I can’t wait to pick tomatoes at Mount Blue State Park, and I’ll bet those fields of pumpkins in Camden Hills State Park will be a big hit with kids come Halloween.
Great idea — putting state parks and public lands in Maine’s Department of Agriculture! Maybe that’s just the spark that farming needs to regain its place in the state’s economy.
More than likely, it will be something the state’s agricultural industry regrets in the years to come.
Gov. Paul LePage’s proposal to merge the Department of Agriculture with the Department of Conservation, including the Forest Service and Parks and Public Lands, is scheduled for a public hearing at 1 p.m. Tuesday in room 206 of the Cross Building in Augusta.
The new department will be dominated by forestry interests — a much-larger economic sector than agriculture — and will bring Parks and Public Lands interests, including groups representing environmentalists, sportsmen and outdoor recreationists, into position to participate in all of the department’s decisions about farming and farm programs. Farming will become a small forgotten bureau in this large department in the years to come.
Small mission-focused agencies work better than large departments bound up in bureaucracy and strangled by conflicts between competing interests. Maine needs lean self-funded natural resource agencies that anticipate change, recognize economic opportunities and constantly reposition themselves to serve the needs of Maine’s economy and people.
The farming community has been well served over the years by its state agency. So I am somewhat surprised that farm groups, led by the Maine Farm Bureau, have endorsed LePage’s proposal to merge the Departments of Conservation and Agriculture.
A few farm groups, along with many individual farmers, have expressed opposition, or at least concern, but the Farm Bureau’s support, along with a strong lobbying effort from the forest products industry, is likely to push the governor’s proposal through the legislative process.
When Gov. John Baldacci submitted his third proposal to merge natural resource agencies, the Natural Resources Network responded with a thoughtful consolidation proposal that moved forestry to the Agriculture Department but left Parks and Lands as a separate stand-alone agency. Farming and forestry are combined in a single department at the federal level, so this is not unprecedented.
The Natural Resources Network is an alliance of organizations whose members depend on Maine’s natural resources for business and recreation. NRN members are the Maine Forest Products Council, Sportsman’s Alliance of Maine, Maine Potato Board, Small Woodland Owners Association of Maine, Maine Aquaculture Association, Maine Dairy Industry Association, Maine Snowmobile Association, Maine Lobsterman’s Association, Wild Blueberry Commission, Maine Trappers Association, Maine Farm Bureau, Maine Professional Guides Association and Independent Energy Producers Association.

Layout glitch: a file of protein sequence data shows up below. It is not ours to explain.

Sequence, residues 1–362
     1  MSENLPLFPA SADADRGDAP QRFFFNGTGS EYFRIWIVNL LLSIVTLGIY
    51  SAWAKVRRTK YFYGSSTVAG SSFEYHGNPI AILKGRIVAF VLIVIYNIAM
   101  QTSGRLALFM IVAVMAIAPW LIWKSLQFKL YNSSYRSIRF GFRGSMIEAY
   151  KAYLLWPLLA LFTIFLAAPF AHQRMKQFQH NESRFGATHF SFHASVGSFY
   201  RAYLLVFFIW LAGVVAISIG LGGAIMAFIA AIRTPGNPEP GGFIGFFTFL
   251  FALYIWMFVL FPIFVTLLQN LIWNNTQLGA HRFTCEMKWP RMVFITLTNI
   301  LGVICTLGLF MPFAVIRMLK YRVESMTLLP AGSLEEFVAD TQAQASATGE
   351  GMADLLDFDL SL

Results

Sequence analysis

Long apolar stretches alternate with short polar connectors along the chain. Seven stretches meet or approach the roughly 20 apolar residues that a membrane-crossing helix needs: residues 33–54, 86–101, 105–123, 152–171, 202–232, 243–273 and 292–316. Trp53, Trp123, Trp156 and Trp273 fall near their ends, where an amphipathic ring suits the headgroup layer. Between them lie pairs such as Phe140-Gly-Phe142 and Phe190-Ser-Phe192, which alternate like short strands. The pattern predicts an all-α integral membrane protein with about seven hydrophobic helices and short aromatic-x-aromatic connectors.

At the time, I represented the Sportsman’s Alliance in the network. Network members successfully fought all three of Baldacci’s natural resource agency merger proposals. This time, while the network has not officially expressed an opinion, nearly all of its members support the governor’s proposal.
You might ask why LePage is even bothering with this merger proposal. He says he hopes, through the merger, to free up additional revenue for the combined agency, so that the whole can do more than the separate agencies.
I guarantee that will not happen. Consolidation doesn’t save money — in fact, initially, it costs money. It cost $100,000 to merge the small Atlantic Salmon Commission into the Department of Marine Resources.
It will be interesting to see if the Legislature comes up with an honest and accurate prediction of the cost of merging Agriculture and Conservation. The management of parks and public lands is completely different from the management of farms and forests — different mission, different constituencies, different programs. The growing importance of parks, public lands, and easement lands to the state’s outdoor recreation economy justify department status where acquisition priorities can be established and management performed efficiently.
And if for some reason we can’t abide a stand-alone agency for our parks and lands, there’s a better place to move it.
There are eight states with Fish, Wildlife and Parks Departments. I am very familiar with Montana’s Fish, Wildlife and Parks Department. It works very well — but as you might imagine, it is dominated by sportsmen’s interests.
That probably wouldn’t suit Maine environmentalists either. Or sportsmen, for that matter, who continue to advocate for a Department of Inland Fisheries and Wildlife that serves their own interests.
Sort of like what Maine’s farmers used to do for their Department of Agriculture.